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Officers Frank “Ponch” Poncherello and Jon Baker were household names in the late ‘70s and early ‘80s. They were the lead characters in the television series CHiPs which showcased the work of the motorcycle police force of the California Highway Patrol. With the retro-resurgence of the 1970s and 1980s in cinema, it was not a surprise to hear that the feature film version of the CHP was in production. Unlike the faithful fanbase of television shows coming out of this era who watch the re-runs of the Dukes of Hazard and Charlie’s Angels on TV land, CHiPs does not benefit from the same cult following. Do people even remember the name Erik Estrada, much less Larry Wilcox? This predicament leaves writer and director Dax Shepard (Hit and Run) with an up-hill climb of building a new base of support for the Los Angeles-based motorcycle cops.
Shepard begins the story with the introduction of Frank Poncherello (Michael Peña) and Jon Baker (Dax Shepard) as they join the law enforcement team at the California Highway Patrol. Ponch is an undercover FBI agent who is trying to expose an internal band of dirty cops who are using their position to rob armored trucks in the city. He is partnered with Jon, who is the oldest rookie on the force. The former extreme sports cyclist champion is trying to find a new identity since leaving behind the fame of the sporting community. Also with his new position of authority, he is hoping to save his ill-fated marriage to Karen (played by his real-life spouse, Kristen Bell). This unlikely pair must work together to find the ring of crooked cops while working through their own personal issues with one another and at home. Even while they fight among each other and try to work on building trust in their partnership, they eventually come to the realization that their differences are what builds the bond or their work relationship and it helps them to find the solutions to their professional and personal problems.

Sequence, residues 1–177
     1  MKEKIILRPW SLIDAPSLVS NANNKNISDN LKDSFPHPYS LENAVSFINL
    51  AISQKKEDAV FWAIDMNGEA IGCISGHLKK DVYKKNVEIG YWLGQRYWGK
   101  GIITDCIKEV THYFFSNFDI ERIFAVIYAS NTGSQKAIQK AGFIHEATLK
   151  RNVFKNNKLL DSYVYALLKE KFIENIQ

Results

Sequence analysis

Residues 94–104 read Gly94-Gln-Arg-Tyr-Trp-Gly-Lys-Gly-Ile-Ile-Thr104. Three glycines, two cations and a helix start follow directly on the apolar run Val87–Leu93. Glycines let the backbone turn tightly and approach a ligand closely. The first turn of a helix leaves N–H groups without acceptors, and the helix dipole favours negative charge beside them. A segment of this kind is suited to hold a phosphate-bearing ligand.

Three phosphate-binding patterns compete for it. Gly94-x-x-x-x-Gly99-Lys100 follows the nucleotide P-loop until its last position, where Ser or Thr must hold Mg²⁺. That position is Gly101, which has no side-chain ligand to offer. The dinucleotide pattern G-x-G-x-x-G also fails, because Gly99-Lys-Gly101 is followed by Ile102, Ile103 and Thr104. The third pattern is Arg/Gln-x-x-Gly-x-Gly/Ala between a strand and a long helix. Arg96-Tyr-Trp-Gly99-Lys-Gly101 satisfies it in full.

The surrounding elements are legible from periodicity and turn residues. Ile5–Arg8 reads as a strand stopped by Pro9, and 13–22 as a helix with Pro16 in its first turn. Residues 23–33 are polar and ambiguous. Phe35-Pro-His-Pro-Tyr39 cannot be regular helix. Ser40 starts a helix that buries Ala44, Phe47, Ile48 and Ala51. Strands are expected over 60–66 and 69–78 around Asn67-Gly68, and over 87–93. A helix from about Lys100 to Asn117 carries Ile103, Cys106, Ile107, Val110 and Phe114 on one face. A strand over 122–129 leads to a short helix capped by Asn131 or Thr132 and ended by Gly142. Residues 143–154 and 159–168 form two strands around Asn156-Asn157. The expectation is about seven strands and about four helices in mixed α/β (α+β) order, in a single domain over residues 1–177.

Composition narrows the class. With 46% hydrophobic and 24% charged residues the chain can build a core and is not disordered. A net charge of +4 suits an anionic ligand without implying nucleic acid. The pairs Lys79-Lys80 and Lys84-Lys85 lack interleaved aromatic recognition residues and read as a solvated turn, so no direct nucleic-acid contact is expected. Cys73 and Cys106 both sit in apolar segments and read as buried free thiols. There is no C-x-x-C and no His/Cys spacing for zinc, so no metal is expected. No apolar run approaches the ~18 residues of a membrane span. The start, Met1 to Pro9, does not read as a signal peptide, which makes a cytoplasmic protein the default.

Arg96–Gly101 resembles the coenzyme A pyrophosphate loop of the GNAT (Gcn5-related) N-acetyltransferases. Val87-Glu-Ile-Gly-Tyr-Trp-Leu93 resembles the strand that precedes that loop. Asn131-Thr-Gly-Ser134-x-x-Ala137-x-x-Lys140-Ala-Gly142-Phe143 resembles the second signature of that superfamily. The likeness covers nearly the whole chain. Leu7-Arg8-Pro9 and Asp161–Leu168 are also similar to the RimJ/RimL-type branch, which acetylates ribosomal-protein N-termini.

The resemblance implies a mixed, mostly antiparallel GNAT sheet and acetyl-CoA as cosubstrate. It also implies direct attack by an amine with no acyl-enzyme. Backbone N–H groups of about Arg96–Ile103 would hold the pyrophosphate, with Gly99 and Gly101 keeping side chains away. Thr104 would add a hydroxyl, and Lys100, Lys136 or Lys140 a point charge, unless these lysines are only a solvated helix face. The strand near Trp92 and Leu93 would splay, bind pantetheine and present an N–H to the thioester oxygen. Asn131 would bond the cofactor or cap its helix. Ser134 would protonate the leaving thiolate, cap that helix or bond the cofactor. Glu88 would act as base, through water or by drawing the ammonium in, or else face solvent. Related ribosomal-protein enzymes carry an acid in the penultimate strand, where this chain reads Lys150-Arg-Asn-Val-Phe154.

For fans who are looking for similarities between the original series and Shepard’s outing, there is little to remind us of the series. Besides being set in Los Angeles and that the lead actors ride motorcycles, that is where the similarities cease. The actor turned writer/director decided to take the CHiPs team down the proverbial highway of gross-out humor and utilizes derogatory statements that will offend much of humanity. Even though there are a few laugh-out-loud moments, the majority of the film is pejorative and distasteful. Shepard does have a knack for humorous anecdotes and situations, but he pushes each situation and character across the line of good taste. It is difficult to find a scene that does not contain unnecessary nudity, bodily dismemberment or some form of degrading comedy. His and Pena’s comedic talents are wasted in dialogue that would even be considered offensive in the local fraternity house. Understanding that the market for this style of humor has pushed films like Bad Moms and The Boss to the top of the charts, it still does not excuse the poor writing and bad taste.
Even though the writing can be categorized as abhorrent, the real travesty is to waste the acting skills of Michael Pena and Vincent D’Onofrio (Daredevil) in roles that are below them. Unless they were merely looking for an easy pay check, this should be a reason for the seasoned actors to fire their current agents. D’Onofrio’s character as the leader of the corrupt team within the CHP is so predictable and cliched that it can be labeled as an insult to the intelligence of the audience.
Outside of the appealing chemistry between Shepard and Pena, there is very little to celebrate in CHiPs. Even if there is a remnant of fans from the original show, there is nothing on offer for the nostalgic or for those with any cinematic self-respect.